Google’s Eric Schmidt, speaking the Dublin summit on extremist violence (which we discussed earlier today), talked about growing problems with internet censorship and the risks faced by internet companies in authoritarian countries. Among other concerns, Schmidt said he feared the the possibility that Google employees might be arrested or even tortured for their involvement with un-censored channels of information.
The internet has become an increasingly prominent medium for the spread of political information, and that includes both the accepted mainstream (such as the Obama campaign, which many political analysts say became successful because of its effective use of the web, and especially media) and the dissident groups (such as the revolutionary change seen in Egypt and Tunisia).
Google’s objective, which focuses on providing access to and organizing the world’s information, isn’t compatible with censorship. Google backed out of China, a market of a billion potential users, because the company was not willing to comply with the regulations of the Chinese government. While Schmidt wasn’t willing to say which countries he fears may take action against Googlers, he did state that “There are countries where it is illegal to do things that Google encourages. In those countries, there is a real possibility of [employees] being put in prison for reasons which are not their fault.”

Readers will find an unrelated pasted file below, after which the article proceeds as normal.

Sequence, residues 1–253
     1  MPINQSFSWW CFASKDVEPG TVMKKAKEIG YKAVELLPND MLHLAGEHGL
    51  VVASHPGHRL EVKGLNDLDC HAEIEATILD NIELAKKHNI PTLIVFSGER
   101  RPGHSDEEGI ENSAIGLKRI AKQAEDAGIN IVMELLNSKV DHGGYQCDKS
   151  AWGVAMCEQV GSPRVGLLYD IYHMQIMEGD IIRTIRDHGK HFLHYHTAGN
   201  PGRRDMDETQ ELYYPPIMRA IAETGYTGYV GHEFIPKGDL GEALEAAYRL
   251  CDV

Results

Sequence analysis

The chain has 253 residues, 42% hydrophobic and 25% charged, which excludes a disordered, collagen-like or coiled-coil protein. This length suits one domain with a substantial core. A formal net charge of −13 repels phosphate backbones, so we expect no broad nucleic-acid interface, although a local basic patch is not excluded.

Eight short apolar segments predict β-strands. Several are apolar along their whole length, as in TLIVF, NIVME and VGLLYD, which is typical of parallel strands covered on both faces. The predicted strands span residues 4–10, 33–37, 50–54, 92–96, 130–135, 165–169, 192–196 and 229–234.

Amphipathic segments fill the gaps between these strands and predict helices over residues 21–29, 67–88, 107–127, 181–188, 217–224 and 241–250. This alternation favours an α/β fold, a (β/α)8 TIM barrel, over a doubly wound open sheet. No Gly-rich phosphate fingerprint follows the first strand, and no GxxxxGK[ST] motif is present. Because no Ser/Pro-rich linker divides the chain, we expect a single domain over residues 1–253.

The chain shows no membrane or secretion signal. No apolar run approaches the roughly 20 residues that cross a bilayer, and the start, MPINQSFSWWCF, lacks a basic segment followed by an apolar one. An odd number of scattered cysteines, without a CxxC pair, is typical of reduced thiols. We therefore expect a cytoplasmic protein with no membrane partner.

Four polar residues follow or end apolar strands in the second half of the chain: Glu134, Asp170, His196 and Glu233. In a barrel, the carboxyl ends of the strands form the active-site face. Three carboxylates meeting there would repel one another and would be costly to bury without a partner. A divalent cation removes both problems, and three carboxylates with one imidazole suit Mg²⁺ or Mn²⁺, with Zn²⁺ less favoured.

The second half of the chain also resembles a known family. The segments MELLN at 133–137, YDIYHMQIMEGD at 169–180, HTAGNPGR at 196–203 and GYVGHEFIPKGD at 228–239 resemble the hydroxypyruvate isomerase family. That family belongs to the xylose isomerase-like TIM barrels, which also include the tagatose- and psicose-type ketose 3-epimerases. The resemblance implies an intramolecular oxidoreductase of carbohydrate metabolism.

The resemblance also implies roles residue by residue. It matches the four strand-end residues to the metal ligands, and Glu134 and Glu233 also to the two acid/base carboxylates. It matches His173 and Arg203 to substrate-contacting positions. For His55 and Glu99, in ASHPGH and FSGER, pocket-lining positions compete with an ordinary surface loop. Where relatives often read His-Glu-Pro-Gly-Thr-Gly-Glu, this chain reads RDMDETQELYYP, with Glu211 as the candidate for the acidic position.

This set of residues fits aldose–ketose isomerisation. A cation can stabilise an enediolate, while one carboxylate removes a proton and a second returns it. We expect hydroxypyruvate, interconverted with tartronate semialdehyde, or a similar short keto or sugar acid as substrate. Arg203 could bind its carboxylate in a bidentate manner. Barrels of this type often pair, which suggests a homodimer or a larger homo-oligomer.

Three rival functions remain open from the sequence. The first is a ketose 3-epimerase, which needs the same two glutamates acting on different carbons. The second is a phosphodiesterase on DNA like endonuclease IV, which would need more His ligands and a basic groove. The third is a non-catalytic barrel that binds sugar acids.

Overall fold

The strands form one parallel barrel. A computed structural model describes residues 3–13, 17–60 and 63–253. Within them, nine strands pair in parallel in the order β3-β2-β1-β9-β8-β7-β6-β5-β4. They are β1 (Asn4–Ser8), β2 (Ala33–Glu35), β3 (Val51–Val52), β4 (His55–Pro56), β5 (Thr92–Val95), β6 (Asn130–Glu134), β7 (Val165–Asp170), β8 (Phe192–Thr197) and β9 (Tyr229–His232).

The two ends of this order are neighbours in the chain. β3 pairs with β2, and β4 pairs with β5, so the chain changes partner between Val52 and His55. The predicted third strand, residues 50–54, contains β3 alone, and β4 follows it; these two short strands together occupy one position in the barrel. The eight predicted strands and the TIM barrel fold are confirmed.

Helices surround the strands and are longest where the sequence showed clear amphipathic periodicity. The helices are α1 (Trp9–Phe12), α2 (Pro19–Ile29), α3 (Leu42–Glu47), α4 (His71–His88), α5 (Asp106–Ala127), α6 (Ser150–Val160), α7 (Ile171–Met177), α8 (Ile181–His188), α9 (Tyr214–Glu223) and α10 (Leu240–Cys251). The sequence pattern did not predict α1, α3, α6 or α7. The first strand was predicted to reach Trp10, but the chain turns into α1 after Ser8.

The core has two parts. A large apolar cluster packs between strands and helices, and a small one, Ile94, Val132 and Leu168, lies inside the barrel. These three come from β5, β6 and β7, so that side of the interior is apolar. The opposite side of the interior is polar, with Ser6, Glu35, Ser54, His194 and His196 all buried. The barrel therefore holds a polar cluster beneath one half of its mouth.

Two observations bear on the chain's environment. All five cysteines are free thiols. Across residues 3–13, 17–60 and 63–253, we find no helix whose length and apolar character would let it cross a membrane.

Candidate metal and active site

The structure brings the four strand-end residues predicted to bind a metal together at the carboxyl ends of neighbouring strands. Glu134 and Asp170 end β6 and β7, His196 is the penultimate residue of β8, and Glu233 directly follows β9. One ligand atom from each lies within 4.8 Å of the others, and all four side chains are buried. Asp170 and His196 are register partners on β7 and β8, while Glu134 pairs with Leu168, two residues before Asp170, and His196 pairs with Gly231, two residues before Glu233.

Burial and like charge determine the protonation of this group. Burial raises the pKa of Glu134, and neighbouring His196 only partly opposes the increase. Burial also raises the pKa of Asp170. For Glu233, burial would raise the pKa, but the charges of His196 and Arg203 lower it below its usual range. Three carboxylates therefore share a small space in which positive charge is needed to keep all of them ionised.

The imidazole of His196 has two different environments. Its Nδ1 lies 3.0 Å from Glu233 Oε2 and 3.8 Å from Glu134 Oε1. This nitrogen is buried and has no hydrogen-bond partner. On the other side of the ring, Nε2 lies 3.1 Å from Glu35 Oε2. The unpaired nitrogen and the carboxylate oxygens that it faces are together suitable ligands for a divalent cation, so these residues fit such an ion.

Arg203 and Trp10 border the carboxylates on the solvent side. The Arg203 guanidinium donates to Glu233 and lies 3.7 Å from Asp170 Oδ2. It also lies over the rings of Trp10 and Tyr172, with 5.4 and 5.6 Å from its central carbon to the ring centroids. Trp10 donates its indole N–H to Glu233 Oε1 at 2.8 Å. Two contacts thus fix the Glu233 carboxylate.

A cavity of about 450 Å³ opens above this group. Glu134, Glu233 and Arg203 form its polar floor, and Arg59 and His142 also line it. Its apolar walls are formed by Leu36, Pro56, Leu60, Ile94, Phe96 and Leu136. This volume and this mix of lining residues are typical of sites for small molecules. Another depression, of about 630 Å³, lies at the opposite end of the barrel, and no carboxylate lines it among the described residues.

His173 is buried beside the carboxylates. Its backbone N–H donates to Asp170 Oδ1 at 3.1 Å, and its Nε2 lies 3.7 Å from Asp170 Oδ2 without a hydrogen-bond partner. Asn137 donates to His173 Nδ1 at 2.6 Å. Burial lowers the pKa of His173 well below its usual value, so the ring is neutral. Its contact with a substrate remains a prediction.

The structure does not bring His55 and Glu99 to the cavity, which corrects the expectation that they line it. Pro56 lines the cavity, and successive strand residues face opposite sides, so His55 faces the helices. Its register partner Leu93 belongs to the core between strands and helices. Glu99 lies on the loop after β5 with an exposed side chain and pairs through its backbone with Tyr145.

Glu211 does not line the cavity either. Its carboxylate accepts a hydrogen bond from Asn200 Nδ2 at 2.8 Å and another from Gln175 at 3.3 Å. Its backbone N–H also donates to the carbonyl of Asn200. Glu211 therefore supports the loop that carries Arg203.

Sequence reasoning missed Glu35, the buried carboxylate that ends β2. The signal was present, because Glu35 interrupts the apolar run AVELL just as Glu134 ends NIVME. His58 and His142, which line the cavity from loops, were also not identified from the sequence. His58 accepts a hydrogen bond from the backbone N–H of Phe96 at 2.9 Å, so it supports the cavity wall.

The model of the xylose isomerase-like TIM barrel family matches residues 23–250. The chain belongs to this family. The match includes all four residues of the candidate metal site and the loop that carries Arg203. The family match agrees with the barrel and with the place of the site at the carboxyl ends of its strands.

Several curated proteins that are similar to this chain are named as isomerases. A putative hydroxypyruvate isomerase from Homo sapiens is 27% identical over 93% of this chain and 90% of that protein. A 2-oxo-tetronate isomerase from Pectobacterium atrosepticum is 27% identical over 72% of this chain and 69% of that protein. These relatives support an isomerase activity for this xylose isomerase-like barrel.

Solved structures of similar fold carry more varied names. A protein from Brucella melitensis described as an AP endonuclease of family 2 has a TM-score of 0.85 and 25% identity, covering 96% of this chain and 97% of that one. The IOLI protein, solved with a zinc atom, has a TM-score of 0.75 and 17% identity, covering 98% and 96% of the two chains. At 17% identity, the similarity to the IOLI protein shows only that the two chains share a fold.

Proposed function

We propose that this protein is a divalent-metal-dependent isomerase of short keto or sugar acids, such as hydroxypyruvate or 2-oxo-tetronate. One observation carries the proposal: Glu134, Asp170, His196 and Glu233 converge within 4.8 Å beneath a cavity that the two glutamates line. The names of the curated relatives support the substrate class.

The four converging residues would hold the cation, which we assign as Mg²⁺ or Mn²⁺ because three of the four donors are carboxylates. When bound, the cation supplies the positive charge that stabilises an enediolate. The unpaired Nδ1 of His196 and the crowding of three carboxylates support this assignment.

Beyond the famed Googler Wael Ghonim, who both used the web to spread anti-government information and was arrested for those efforts, Google has launched services to help people continue to access information even when their government doesn’t necessarily approve. In Tunisia, Google helped users by providing a phone-to-Twitter service that short-circuited the government’s attempt to fully block the internet.
With the internet becoming more prominent and Google continuing to play a role in keeping information access open, Schmidt is not optimistic. “I think this problem is going to get worse,” he stated.
[Sources include: Reuters]